The Contortionist


01. Holomovement
02. Feedback Loop
03. Causality
04. Sequential Vision
05. Geocentric Confusion
06. Dreaming Schematics
07. Anatomy Anomalies
08. Cortical
09. Solipsis
10. Parallel Trance

[eOne/Good Fight]

It can be argued that up-and-coming progressive metallers The Contortionist changed the landscape of a genre upon impact of their 2010 debut album Exoplanet. Combining devastating breakdowns and post-rock crescendos was a new idea prior to Exoplanet, and we’re already starting to see its influence on younger bands taking root in the scene of deathcore and djent. The band continues their growing legacy with their sophomore album Intrinsic, which sees the band transcending deathcore and becoming prog acolytes.

While it may not be as immediately arresting as their debut, Intrinsic makes up for it in its depth and complexity that makes Exoplanet look like shallow water. The Contortionist have pushed themselves into stranger progressive territory, further exploring influences akin to Cynic and Rush. The Earth-shattering breakdowns of Exoplanet have been kept to a minimal, the band instead focusing on moody atmospheres and experimental bouts of prog. This greater breadth of dynamic makes the heavier sections that much more extreme by contrast. Where Exoplanet was an off-kilter assault, Intrinsic is an ethereal exploration of the band’s full potential as musicians.

While the band’s roots in deathcore may not have completely disappeared into the ether, fans of Exoplanet‘s more core-oriented sound will likely find Intrinsic difficult to grasp considering the departure. Analyzing Intrinsic based on the merits of Exoplanet is like comparing apples to oranges; they’re on two different planes. Punishing shivs of brutality do swing in through the prog flourishes, but in the grand scope of things, The Contortionist are more concerned with thoughtful introspection and stargazing than throwing down in the pit. The balance has shifted in the opposite direction; one could say that Intrinsic is the mirror image of Exoplanet, acting as its compliment.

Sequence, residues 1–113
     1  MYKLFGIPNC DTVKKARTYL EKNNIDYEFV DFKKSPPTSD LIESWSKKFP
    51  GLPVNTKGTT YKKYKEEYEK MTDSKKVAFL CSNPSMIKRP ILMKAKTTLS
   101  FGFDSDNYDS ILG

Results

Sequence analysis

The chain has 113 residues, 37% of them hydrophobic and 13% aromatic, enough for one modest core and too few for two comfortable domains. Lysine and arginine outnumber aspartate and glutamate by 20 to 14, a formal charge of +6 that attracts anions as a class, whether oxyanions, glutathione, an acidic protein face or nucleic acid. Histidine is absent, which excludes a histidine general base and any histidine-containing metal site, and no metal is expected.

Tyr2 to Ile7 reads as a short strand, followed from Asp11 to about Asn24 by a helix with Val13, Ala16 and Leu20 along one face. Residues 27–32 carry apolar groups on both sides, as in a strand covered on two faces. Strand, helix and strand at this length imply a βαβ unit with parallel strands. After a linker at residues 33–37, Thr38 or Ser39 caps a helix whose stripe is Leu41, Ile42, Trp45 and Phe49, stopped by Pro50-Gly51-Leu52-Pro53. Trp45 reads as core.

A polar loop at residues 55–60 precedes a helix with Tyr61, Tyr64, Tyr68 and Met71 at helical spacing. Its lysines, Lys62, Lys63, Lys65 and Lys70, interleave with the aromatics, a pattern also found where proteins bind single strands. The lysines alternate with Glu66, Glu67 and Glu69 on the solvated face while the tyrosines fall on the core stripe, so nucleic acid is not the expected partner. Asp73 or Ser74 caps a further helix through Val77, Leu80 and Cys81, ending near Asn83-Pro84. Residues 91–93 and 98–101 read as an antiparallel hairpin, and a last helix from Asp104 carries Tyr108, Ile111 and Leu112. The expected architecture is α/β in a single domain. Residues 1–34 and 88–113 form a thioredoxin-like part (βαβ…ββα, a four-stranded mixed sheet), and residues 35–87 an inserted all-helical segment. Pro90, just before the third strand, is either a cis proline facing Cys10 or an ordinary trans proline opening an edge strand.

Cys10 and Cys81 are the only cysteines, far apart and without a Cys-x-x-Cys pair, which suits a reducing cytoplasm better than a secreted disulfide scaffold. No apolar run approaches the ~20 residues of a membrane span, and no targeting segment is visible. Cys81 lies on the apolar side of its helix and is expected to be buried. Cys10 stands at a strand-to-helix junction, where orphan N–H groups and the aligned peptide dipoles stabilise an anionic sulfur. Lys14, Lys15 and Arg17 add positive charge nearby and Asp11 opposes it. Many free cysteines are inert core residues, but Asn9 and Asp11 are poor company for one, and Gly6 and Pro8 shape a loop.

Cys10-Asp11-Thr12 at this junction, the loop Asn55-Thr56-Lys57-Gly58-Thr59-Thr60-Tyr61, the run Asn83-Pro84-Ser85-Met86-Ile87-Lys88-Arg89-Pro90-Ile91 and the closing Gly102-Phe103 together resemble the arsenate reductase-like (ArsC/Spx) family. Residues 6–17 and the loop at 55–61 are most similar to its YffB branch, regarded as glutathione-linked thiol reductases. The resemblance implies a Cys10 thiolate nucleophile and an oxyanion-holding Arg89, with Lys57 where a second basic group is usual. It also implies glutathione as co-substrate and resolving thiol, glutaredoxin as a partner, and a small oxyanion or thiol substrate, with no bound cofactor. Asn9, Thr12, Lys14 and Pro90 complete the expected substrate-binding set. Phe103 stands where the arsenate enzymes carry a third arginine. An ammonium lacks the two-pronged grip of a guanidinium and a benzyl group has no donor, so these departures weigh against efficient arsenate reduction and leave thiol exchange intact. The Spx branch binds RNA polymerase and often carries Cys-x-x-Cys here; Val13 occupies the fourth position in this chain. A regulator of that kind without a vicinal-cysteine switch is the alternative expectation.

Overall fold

Whether as a cause or as a result of this stylistic shift, frontman Jon Carpenter is much more hands-on this time around. Much of the material on Exoplanet was written before Carpenter was a member, so his touch on the songwriting aspect is certainly felt with the all-new material. Where Exoplanet kept the keyboards in a supporting role, Intrinsic finds the keys at an equal playing field, at times even taking the lead. This greater presence leads to much interplay between guitar and keys, notably during the breathtaking instrumental bridge during ‘Feedback Loop,’ which features acoustic guitar and playful synths.

Carpenter is also gaining more confidence in his voice, taking a preference for clean singing and taking more chances with vocodor effects. While his unique singing voice is anything but powerful, his mellow tones work well with Intrinsic‘s otherworldly atmosphere. To reciprocate, when Carpenter does go in for Intrinsic‘s more confrontational moments, his growls are much more intense. He is really coming into his own on Intrinsic, with his vocals starting to show character; they are a unique defining element to the band rather than a replaceable carbon-copy. He’s figuring out his strengths and weaknesses, and the band are highlighting his skills as such.

It’s always a relief when an already promising band decides to capitalize on the influences that made them so special. An attempt at another album like Exoplanet would have likely been welcomed by many, but at the end of the day, it’s better that their debut album is left as a unique entity. Intrinsic moves the band forward in a logical progression, finding a nirvana among the vast reaches of space. If this much maturation occurred over two years time, it’s hard to imagine what these young musicians are capable of in the long-term. When Exoplanet was released, I called them the future of metal. At this rate, I stand correct in my assumption.

The Contortionist – Intrinsic gets…


– JR


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